"Famagusta," Vaysey exclaimed and threw out his arms as if he tried to envelop the world. It was no loving embrace, rather one that dictated ownership, and he inhaled deeply. "Ah, feel that Gizzy? The brisk, salty air. I think we shall eat fish today, hm?"
Guy wrinkled his nose and tried not take in too much of the sea breeze. Fish. Again. He did not like fish, hated the taste and smell, and the tiny little bones that scratched your throat as you swallowed. The sickening unavoidable sea-flavour seemed glued to the inside of his mouth, and the salty wind whipped his skin and made his hair dry and threadbare like late summer grass. The winds came in violent thrusts on this day yet didn't give any coolness, throwing up dancing waves topped with wild, surging foam. That was another thing with that damned sea. It rocked and rocked until you felt so sick you could swear your intestines were coming out of your mouth, and even when you reached shore the ground kept rocking beneath you. The sun was scorching Guy's face, the heat cruel and acrid and made him sweat under the suffocating black leather, and his stomach was still in an uproar from the boat ride.
"The wind seems to be rising, my lord," he pointed out as he followed Vaysey along the harbour. The sheriff whistled joyfully as he examined the boxes of fish and the boats secured with thick hemp ropes, finally stopping by a sturdy vessel.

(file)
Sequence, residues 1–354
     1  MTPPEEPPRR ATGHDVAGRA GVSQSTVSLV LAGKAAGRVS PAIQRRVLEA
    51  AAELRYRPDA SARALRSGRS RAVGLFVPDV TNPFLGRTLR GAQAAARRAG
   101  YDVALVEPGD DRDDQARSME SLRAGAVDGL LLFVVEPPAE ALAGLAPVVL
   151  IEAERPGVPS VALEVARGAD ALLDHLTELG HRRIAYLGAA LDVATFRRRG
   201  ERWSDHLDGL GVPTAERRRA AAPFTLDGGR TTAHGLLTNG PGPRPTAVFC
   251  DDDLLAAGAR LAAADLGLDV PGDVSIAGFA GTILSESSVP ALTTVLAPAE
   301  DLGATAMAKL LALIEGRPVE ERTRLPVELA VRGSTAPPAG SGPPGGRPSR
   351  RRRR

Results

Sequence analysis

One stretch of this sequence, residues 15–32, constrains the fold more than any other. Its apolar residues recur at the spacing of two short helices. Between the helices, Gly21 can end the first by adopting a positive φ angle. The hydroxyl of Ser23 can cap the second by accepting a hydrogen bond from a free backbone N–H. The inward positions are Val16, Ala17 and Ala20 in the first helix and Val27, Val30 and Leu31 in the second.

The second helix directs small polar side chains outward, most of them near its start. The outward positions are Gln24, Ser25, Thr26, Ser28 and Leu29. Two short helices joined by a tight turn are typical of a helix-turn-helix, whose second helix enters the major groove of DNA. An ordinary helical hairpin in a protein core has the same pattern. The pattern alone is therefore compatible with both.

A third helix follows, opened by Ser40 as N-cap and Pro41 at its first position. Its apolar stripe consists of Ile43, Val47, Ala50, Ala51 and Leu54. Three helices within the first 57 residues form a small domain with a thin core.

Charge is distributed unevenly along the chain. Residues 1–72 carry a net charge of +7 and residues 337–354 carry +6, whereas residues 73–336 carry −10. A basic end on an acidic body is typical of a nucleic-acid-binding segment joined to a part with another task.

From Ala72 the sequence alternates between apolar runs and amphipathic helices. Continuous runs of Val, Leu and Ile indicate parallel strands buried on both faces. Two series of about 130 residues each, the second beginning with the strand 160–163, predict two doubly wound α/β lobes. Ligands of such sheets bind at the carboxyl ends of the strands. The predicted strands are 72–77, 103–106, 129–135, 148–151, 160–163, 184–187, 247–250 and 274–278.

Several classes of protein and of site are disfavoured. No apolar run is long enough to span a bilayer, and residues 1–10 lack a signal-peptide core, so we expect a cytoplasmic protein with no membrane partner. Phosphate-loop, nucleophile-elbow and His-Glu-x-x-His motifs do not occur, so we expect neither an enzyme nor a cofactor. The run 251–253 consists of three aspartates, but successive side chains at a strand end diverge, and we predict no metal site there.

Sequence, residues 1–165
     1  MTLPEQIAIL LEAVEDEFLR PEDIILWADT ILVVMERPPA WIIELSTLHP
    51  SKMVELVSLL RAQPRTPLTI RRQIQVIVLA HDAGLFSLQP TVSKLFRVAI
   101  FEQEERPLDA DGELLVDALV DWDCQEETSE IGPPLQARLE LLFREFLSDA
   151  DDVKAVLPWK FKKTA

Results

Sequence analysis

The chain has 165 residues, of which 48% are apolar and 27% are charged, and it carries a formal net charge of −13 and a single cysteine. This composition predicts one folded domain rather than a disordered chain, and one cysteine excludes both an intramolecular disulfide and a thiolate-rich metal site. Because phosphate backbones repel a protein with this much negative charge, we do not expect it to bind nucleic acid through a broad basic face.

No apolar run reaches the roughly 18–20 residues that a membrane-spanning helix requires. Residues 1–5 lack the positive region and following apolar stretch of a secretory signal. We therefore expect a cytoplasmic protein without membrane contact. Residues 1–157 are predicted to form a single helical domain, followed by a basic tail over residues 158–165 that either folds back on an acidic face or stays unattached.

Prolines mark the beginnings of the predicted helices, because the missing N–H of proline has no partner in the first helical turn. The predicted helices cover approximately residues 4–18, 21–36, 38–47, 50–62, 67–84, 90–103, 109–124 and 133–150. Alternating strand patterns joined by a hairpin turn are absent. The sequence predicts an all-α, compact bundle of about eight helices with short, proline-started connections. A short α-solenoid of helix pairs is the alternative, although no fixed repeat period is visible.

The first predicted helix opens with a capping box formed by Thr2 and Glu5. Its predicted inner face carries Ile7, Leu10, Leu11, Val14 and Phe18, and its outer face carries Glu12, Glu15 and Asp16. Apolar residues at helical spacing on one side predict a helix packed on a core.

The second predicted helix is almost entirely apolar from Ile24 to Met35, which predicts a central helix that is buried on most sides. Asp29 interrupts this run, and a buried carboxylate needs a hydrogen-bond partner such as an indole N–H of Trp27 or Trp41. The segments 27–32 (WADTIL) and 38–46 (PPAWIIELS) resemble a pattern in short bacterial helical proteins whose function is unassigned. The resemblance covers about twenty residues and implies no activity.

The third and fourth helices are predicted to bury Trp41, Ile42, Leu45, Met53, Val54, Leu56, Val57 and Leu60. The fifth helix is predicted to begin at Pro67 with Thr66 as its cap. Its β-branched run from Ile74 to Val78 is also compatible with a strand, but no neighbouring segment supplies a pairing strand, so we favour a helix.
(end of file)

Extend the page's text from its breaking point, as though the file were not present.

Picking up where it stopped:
"Not afraid of some measly waves are you Gizzy? Hm?" he asked with a cocked eye brow. "This is the boat that will carry us the last bit of the journey. I have made arrangements with the owner. Do you like her Giz, hm? The alluring 'Sibylla'."
Guy gave the boat a sceptical look. It was made for a crew of four or five men and from the look of it the vessel had seen better days. "Sir, it may be wiser to wait until tomorrow?" he suggested. "We can continue on the St. Joseph, surely it is safer."
"Ah, but that will cost us a day."
"We can afford a day."
"Can we? Hm?" Vaysey examined the boat and gave the wood a little knock as if the sound of the hull was all you needed to evaluate a vessel's floatability. It sounded alarmingly hollow and rotten.
"I must insist on this, sir," Guy insisted with a growing feeling of distress. A night on land, a nice bed that stayed in one place - he would even sleep in a stable with the horses rather than sail this boat over a storming ocean! "One day is not worth our lives!"